The committee released a 15-page memo Monday afternoon, on the eve of a Tuesday hearing about Blackwater, chronicling a string of alleged abuses by the security firm in its work for the State Department since 2003.
Blackwater has been involved in 195 "escalation of force" incidents since 2005 in which guards for the firm fired shots, according to the report. Contractors for the firm fired the first shots in an overwhelming majority of those incidents.
Documents released by the State Department also suggest the agency allowed Blackwater to fly a contractor out of Iraq shortly after that contractor, during a drunken episode, shot a guard for the Iraqi vice president. A State Department official even recommended the firm pay the dead guard's family $250,000 as an "apology" to "avoid this whole thing becoming even worse." The firm, in coordination with State, finally settled on a payment of $15,000.
The committee has also determined that Blackwater pays its contractors, many of whom are former U.S. soldiers, $1,222 per day, which comes to $445,000-a-year - "roughly six times more than the cost of an equivalent U.S. soldier," according to the report. The firm has received more than $1 billion in federal contracts since 2001, including more than $832 million from two contracts with the State Department.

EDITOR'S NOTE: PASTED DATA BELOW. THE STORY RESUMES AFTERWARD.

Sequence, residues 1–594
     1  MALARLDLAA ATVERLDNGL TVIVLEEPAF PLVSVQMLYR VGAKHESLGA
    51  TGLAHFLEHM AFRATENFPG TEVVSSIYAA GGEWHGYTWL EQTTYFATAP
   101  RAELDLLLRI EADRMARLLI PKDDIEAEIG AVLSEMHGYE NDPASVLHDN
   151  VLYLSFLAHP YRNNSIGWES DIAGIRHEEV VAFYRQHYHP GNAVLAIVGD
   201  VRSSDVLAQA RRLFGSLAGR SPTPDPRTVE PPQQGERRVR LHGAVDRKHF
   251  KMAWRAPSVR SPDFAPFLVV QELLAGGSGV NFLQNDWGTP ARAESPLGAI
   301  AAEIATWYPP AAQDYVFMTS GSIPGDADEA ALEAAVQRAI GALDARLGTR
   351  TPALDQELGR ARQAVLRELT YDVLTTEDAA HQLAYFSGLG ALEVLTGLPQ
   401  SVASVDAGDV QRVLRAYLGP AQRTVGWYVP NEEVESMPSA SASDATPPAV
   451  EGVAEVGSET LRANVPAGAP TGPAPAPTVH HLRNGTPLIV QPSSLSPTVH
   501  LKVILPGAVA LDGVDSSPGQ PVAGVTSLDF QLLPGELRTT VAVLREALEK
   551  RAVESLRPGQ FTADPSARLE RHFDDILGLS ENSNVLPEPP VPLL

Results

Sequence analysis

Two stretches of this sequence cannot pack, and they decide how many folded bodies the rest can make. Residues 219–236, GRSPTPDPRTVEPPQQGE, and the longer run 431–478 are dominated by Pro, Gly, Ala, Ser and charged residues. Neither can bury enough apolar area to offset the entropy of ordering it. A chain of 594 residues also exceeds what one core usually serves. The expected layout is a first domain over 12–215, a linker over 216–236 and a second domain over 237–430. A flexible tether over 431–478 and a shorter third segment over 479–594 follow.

The committee's stated goal is to determine whether a State Department contract with Blackwater is undermining the overall U.S. mission in Iraq and whether the department has "responded appropriately to shooting incidents" involving the security firm. The committee is also trying to gauge what U.S. taxpayers pay for Blackwater services.